Leisel Jones was in the forefront of the outstanding display by the Aussie women in Melbourne. The 20-year-old Queenslander was at her menacing best, writes A. VINOD.

There were surprises in plenty. The absence of stars such as Ian Thorpe and Grant Hackett did affect the Australian team's performance. But overall, it was a profitable outing for the host, with its women swimmers dominating the show.

Australia ended with a tally of 19 gold, 18 silver and 17 bronze medals for a total of 54. England, which finished second, won eight gold, 11 silver and four bronze medals. Interestingly, the Aussie men contributed only a single gold to their team's kitty.

The outstanding display by the Aussie women, led by the inimitable Leisel Jones, was the talking point at the pools in Melbourne. The 20-year-old Queensland swimmer, Leisel Jones, was at her menacing best. She completed a clean sweep of all the three breaststroke titles up for grabs. This is a rare record — winning gold in the same events — in the history of the Commonwealth Games swimming. Her compatriot Petra Thomas had achieved a similar feat while winning all the three butterfly events in the 2002 Manchester Games.

Recording a surprise win over her team-mate Jade Edmistone, the reigning World champion and world record holder in the 50m, Jones later went on to pick up the 200m and 100m titles in style, the latter with a world record time of 1:05.09. She smashed her own record by 0.62s. A fourth gold medal also came her way, when she along with Sophie Edington, Jessicah Schipper and Libby Lenton helped Australia to the 4 x 100m medley relay title in a world record time.

Lenton too was in the spotlight as she won the 50m and 100m freestyle gold (the latter by leading Australia to a 1-2-3 finish) though she suffered a stunning defeat at the hands of Scotland's Caitlin McClatchey in the 200m. Similarly, Schipper and Edington too had a double each in the butterfly and backstroke events, though the former could have finished with a clean sweep but for her defeat to team-mate Danni Miatke in the 50m butterfly final.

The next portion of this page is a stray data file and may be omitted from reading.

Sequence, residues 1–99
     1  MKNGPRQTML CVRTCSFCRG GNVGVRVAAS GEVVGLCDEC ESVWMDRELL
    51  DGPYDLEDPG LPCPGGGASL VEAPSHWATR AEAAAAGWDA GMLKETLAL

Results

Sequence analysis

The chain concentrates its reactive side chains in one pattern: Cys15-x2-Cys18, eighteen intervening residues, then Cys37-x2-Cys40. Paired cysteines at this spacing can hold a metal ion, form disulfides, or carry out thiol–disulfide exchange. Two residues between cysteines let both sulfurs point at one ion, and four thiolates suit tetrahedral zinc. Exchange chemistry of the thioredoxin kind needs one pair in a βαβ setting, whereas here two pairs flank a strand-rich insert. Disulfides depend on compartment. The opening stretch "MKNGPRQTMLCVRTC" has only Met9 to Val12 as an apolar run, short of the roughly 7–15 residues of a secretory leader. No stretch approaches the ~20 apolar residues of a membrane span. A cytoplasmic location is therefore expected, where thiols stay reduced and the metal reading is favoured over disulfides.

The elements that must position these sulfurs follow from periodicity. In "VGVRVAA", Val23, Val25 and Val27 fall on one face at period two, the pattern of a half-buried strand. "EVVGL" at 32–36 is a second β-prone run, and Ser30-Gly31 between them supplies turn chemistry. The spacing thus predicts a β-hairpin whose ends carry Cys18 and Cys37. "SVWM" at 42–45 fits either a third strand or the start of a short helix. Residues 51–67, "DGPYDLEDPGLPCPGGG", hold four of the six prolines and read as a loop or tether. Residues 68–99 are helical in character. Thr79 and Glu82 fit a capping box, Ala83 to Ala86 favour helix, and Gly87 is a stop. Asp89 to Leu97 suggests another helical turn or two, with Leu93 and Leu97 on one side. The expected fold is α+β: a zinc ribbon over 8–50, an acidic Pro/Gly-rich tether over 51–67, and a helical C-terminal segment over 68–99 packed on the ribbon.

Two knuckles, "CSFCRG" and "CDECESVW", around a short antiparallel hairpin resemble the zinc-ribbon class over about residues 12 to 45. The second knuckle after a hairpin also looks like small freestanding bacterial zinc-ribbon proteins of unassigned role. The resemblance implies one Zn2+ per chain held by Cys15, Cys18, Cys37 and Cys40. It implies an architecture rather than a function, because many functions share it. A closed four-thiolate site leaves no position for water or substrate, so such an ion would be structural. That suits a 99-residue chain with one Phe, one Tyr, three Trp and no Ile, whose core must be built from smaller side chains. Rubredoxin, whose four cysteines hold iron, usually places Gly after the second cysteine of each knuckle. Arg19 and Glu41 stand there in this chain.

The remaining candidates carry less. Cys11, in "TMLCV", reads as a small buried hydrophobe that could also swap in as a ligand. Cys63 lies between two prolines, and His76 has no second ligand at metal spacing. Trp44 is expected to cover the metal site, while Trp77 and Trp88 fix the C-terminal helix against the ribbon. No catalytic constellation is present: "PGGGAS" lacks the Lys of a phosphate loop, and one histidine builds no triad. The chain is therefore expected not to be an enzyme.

McClatchey, the Scottish swimmer, who emerged a surprise winner over Lenton in the 200m freestyle, too had a golden double. She cantered home in the 400m freestyle. Stephanie Rice, another Aussie won the two individual medleys. Among men, four swimmers held the centre-stage with a golden double each before they were overshadowed by David Davies of Wales who won the 1500m free gold and became the first Welshman in history to win a Commonwealth freestyle title. The dominance of Davies started right from the first lap and ended 48 years of Australian supremacy in the event.

Not only had Australia won all 12 crowns in the event, since 1958, but it had also claimed 25 out of a possible 36 medals of all colours including three clean sweeps.

Roland Schoeman (South Africa) took home the 50m free and 50 butterfly titles. David Carry of Scotland proved his mettle in the 400m free and 400m individual medley and his compatriot Gregor Tait reigned supreme in the 200m backstroke and 200m individual medley. England's Christopher Cook won the gold in the 50m and 100m breaststroke.

Also present in Melbourne was a small Indian contingent, but the country's principal swimmers, Amar Muralidharan, Rehan Pooncha and Shikha Tandon, could hardly make any impact. They were knocked out in the heats. With India all set to host the 2010 Games, the Swimming Federation of India has a lot of work to do.


"I got the final turn a bit wrong... it could have been better," gushed Leisel Jones after her superb show that left the rest of the field well behind. In fact, what Jones unleashed at M2006 was phenomenal. "I still can't believe it. I' m still in shock. I don't think, I'm unbeatable — nobody is," said the champion.

Born on August 30, 1985, Jones was a participant in the 2000 Sydney Olympics — as a 15-year-old — and again in 2004 in Athens where she was part of the winning Australian team in the 4 x 100m medley relay. She also won a bronze and silver in the 100m and 200m breaststroke respectively.

However, a year later, Jones was able to showcase the vast potential in her at the World Championship in Montreal where she took the 100m gold and then demolished the world record in the 200m, finishing ahead of her rivals by more than six metres.

At the trials leading to M2006, she was once again at her best as she lowered the 200m mark and then added the 100m world record to her credit. Jones is known for employing a classical technique, with a slow start. But then, despite this weakness she is a strong finisher and has got a sound temperament to fight against the odds. Being only 20, there is a lot to come from Jones.